I want to sing because that is how I unburden my heart. This is the sentiment of Ann Wilson, lead singer for the musical group Heart (“Rock Icons” Ann Wilson” VH-1 Classic, 3.4.2015). A burdened heart is a very heavy burden to carry, to be sure. Singing can certainly contribute to the “unburdening” of it.
I grew up in the seventies, having graduated high school the last year of the decade. I remember many songs that resonated with me through the years, and the kind of contributions they made to my psychology on a given occasion. A popular country song some years ago by Dwight Yoakum is still a favorite of mine (“A Thousand Miles from Nowhere”). It is not that I can relate precisely to the lyrics, but there are times when I relate well with the title and sentiment of the song. When I hear a song that resonates with me, and there are many, like “I am no stranger to the rain,” I can listen for hours. Whatever Ann Wilson could gain in her singing, I gain in my hearing.
These popular songs are great, but the real “unburdening” that I need is not found in the popular songs that I like real well, but in the spiritual songs I sing regularly. Each song has a message, but it is the Author of every song writer that gives hope. It is hope and salvation that I need to truly unburden my heart.
Man, I need that!
It is common for churches to sing songs of praise to the Almighty, and we can see the wisdom of this. These songs of praise are to not only be accurate in the substance of the words sung, but they are to be sung with the singular design of pleasing the Lord, and not ourselves. That is not to say that we can’t be pleased in our singing, or even by the sound of it, but if that is our focus, then are we singing to ourselves? Moreover, when the Lord’s people meet to worship, the Lord’s people (or church) are to sing, not some specific, or exclusive, choir/chorus. It is of note that most churches of Christ do not use a mechanical instrument of music; this is on purpose. The Lord does not directly prohibit an instrument in the New Testament, but neither did He sanction one. Thus, to use one in the context of the church’s worship is to presume on the Lord’s prerogative. Let us not lose sight of what is important: our heart in direct connection to the Lord through the songs of praise we sing.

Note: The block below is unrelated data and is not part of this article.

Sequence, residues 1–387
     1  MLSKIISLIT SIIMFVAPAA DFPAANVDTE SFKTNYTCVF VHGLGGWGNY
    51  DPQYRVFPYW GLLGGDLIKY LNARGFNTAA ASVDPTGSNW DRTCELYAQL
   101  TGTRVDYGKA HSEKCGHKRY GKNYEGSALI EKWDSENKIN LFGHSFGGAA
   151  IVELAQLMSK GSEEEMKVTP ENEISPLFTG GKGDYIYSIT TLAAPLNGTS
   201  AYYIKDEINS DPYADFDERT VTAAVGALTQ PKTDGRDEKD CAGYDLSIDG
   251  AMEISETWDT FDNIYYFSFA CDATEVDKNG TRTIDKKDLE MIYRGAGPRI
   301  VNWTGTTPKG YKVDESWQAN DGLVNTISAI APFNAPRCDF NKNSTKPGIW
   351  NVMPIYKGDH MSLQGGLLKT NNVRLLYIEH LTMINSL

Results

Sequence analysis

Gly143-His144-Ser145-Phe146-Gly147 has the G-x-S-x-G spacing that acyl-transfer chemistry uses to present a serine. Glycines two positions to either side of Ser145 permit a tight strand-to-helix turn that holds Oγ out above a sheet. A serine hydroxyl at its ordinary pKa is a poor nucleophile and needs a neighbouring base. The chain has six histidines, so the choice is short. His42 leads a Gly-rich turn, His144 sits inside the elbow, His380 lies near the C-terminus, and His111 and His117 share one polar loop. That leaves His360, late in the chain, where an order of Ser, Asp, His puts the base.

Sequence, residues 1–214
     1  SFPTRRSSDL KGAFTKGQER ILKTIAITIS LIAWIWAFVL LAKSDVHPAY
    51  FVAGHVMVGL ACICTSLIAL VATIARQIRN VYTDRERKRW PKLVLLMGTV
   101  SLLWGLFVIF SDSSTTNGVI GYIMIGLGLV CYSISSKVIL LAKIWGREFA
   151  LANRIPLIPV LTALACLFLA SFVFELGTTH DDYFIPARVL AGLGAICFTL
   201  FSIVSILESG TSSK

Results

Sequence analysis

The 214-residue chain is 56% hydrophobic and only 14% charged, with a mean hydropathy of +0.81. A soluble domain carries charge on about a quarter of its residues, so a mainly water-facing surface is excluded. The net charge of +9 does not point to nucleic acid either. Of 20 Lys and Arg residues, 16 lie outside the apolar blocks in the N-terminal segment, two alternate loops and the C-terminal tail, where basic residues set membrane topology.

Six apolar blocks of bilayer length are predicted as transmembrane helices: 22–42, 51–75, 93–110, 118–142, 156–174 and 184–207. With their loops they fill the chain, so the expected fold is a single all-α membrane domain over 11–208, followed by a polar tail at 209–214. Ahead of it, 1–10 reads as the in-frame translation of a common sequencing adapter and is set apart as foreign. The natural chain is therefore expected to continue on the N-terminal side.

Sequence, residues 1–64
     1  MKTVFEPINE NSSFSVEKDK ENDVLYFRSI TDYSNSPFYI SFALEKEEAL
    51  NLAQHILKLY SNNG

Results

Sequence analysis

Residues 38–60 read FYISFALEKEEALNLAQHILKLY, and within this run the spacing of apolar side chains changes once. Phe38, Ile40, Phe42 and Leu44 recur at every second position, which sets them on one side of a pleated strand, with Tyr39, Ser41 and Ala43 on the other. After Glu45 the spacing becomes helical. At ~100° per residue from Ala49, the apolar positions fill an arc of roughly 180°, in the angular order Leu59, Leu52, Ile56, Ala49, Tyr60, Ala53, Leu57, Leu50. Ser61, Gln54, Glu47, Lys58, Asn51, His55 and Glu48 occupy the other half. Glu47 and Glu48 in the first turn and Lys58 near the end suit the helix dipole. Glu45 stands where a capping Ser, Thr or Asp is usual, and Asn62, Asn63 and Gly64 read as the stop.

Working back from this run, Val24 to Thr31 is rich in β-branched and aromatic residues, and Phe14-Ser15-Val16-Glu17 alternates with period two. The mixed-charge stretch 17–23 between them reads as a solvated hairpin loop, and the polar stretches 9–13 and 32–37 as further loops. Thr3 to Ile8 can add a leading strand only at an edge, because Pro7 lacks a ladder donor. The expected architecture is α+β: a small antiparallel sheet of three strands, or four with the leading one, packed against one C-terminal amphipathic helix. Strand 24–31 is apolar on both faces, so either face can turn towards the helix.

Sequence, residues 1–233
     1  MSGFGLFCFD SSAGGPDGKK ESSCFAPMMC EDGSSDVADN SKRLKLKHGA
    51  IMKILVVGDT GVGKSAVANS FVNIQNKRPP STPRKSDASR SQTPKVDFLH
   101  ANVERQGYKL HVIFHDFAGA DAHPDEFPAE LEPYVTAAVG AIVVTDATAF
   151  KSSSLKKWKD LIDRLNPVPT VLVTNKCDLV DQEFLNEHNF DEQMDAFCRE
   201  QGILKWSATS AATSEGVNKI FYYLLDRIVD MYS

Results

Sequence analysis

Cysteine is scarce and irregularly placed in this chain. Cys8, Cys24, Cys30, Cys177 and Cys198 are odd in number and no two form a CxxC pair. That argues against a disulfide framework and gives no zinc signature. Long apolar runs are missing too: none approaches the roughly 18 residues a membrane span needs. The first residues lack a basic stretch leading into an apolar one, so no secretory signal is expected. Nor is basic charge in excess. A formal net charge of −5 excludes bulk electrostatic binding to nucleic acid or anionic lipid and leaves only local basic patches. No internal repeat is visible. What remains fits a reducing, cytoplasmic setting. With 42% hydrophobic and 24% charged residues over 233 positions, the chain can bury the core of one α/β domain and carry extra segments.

You’ve probably seen lists like this before, but here are few song titles that have been rearranged to reflect what some people mean to say while they sing during the worship services:
- Oh, How I Like Jesus
- It is Fairly Well with My Soul
- Just as I Pretend to Be
- Sit Down, Sit Down for Jesus
- I Need Thee Every Other Hour
Unbelief is alive and well, and even our singing can reveal it. High-mindedness is not the answer because the unbelief can get any of us (1 Corinthians 10:12-13). So honest examination is key; and drawing closer to God helps to get rid of the duplicitous and even hypocritical song notes that are echoed off the walls (James 4:8). If out of the abundance of the heart the mouth speaks (Matthew 12:34) then how much more so does this truth apply to our singing?
Let us consider our desires, our life and the words of the songs that we sing lest we become the one who sings the stanzas on the page instead of the stanzas in our heart.
That’s a tough question — there are so many hymns that I love. They provide strength, courage, comfort, and an outlet for joy.
Two of my most favorite hymns are Blest Be the Tie that Binds and Will Your Anchor Hold. Some time ago a tragedy befell my family. Our Christian brethren rallied around us, helping us get through. The song Blest Be the Tie that Binds captured the essence of the love that was out poured to us and our feelings toward them.
The second song has been such an encouragement to me to stand strong and firm when temped to sin or when tempted to remain silent when I find my brethren engaging in sin. It reminds me that Christ’s strength passes to me and that I can be a pillar of truth and a beacon of light in this world, even if storms are raging all around.